As you can tell from the title, this is not our first round world schooling.  In previous blogs, I have explained exactly what world schooling is and what adventures we had.  In Round 1 I discussed New Zealand.  In Round 2 I discussed Germany.  In Round 3 I discussed England.  In Round 4 I discussed Hawaii.  Well, Round 5 is Canada and specifically the Banff, Alberta area.

Canada was not a new experience for my husband and I.  I had the privilege of taking many trips to Canada as a child growing up in Wisconsin.  In addition, I have a familial connection to Canada due to my mom’s grandparents immigrating from Ireland to Canada before arriving in WI.  And, we have several longtime family friends who were born in Canada.  In addition, Canada is America’s neighbor to the north.  Thus, Canada does not seem foreign to us.

Here is what we experienced during our 8-day adventure in and around Banff:

  • Calgary
  • Banff
  • Banff Visitor Centre
  • Bow River
  • Lake Louise
  • Lake Louise Visitor Centre
  • Lake Louise Gondola
  • Buckhorn Wildlife Interpretative Centre
  • Bow River Valley Dr.
  • Johnston Canyon
  • Junior Explorer Program (4 different badges)
  • Jasper National Park Icefields Visitor Centre
  • Athabasca Glacier Adventure
  • Skywalk Adventure
  • Saskatchewan River Crossing
  • Moraine Lake
  • Consolation Lake
  • Vermillion Lakes
  • Bow River Falls
  • Sundance Canyon
  • Cave & Basin National Historic Site and Visitor Centre
  • Enemy Aliens, Prisoners of War Museum
  • Banff Hot Springs
  • Luxton Museum of the Plains Indians
  • Banff Park Museum National Historic Site of Canada
  • Whyte Museum of the Canadian Rockies
  • Mount Norquay Ski Area
  • Two Jack Lake
  • Lake Minnewanka
  • Transformer Building (first site of electricity in Banff)
  • Park Administration Building & Cottage Gardens
  • Banff Centre
  • Tunnel Mountain
  • Canmore
  • Smith-Dorrien/Spray Trail Road (numerous stops)
  • Spray Valley Provincial Park – Kananaskis Country
  • Spray Lake
  • Buller Pond
  • Peter Lougheed Park Discovery Centre
  • Peter Lougheed Provincial Park
  • Upper Kananaskis Lake
  • Bow Valley Provincial Park – Kananaskis Country
  • Beaver Ponds
  • Mount Lorette Ponds
  • Canadians Brew House
  • Telus Spark Science Centre

Here are some phrases my son learned:

  • Sortie (Exit)
  • Centre (center)
  • Washroom (bathroom or restroom)
  • Texas Gate (cattle guard)
  • Pop (soda)
  • Merci (Thank you)
  • Bienvenue (Welcome)
  • No Worries (your welcome or no problem)
  • Eh? (common phrase heard, but also common in parts of the Midwest of the US)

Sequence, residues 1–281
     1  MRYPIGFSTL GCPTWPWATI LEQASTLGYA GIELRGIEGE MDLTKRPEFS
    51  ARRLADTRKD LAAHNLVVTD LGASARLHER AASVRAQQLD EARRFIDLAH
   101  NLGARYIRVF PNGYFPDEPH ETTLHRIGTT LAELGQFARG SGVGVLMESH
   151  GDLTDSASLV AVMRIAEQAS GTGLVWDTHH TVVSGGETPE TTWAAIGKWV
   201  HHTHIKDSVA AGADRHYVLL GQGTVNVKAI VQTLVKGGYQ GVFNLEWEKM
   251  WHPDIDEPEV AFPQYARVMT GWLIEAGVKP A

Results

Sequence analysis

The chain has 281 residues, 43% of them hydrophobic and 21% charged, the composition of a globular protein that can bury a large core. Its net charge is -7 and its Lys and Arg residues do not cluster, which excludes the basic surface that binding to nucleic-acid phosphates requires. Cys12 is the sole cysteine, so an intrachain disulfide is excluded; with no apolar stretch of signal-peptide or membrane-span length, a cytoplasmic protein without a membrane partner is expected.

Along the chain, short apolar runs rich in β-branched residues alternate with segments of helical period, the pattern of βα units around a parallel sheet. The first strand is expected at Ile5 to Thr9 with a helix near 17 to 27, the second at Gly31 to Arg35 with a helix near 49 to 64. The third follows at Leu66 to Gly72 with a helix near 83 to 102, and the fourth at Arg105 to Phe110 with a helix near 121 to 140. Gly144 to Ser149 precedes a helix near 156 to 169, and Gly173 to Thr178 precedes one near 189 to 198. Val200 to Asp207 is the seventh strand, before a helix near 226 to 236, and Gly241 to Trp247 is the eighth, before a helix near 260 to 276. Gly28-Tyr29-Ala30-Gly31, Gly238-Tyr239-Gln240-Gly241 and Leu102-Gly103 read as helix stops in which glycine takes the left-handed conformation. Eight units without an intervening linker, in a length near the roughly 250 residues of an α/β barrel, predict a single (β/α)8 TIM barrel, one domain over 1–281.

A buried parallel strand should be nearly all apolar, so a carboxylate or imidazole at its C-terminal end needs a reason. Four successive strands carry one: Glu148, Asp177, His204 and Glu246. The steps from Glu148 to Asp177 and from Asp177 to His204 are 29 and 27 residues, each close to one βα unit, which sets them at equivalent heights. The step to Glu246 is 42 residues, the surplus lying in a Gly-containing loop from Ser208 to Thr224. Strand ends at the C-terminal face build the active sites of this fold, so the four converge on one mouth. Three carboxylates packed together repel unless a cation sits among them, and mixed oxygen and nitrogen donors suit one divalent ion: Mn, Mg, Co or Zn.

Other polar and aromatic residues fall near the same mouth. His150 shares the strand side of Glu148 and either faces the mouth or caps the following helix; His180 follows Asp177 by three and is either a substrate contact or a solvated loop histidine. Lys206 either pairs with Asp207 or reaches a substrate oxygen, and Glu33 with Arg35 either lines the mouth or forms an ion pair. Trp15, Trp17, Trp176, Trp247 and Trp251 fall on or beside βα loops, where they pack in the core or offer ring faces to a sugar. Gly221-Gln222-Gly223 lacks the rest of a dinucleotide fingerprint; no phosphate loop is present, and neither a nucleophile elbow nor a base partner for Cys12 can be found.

• Brown bread (whole wheat bread)
  • The bill (the check)
  • Poutine (french fries covered with cheese and gravy)
  • Mountie (police, the Royal Canadian Mounted Police)
  • Loonie (1 dollar coin)
  • Toonie (2 dollar coin)
  • Ya know? (common phrase heard, but also common in parts of the Midwest of the US)
  • Chinook (warm wind that comes in over the mountain, raises temperature)

Travel to Canada was actually easier than any of our other international trips because it was a 3.5 hour non-stop flight.  In fact, travel to Canada was easier than many of the domestic trips we have taken.  And, Canada is very similar to the US in terms of speaking English, similar stores, and having free WiFi in many places.  Like remote areas in the US, you don’t always have cell reception in the remote areas of Canada.  The difference in Canada is that signs and packages are in both French and English.  And, the people greeting you often spoke both French and English to you until you speak.  If you spoke in English, they would not continue in French.  My son had put French into google translate so that he could play with it on informational signs and on food packages as we prepared him for this fact. Travel to Canada in late September also meant a true experience of other seasons as he got to see fall colors and experience accumulating snowfall.  He even had his first snowball fight as we don’t get that kind of snow in Houston, TX (it gets ice and grapple every few years).  Travel to Canada was a great way to physically experience and learn about: mountain ecology, mountain geography, mountain weather, Canadian culture, First Nations culture, foreign language (French), Canadian National Parks, provincial parks,  historic sites, different signs, use of the metric system, accents, and currency exchange.

I strongly believe that travel is a great educational tool.   Remember that travel could be local, regional, your own country, or foreign countries.  And, if you can not physically leave, travel can be via “armchair” with the use of books, videos, and computers.  Exposure to the world is so important for children.  Please, be inspired and go explore!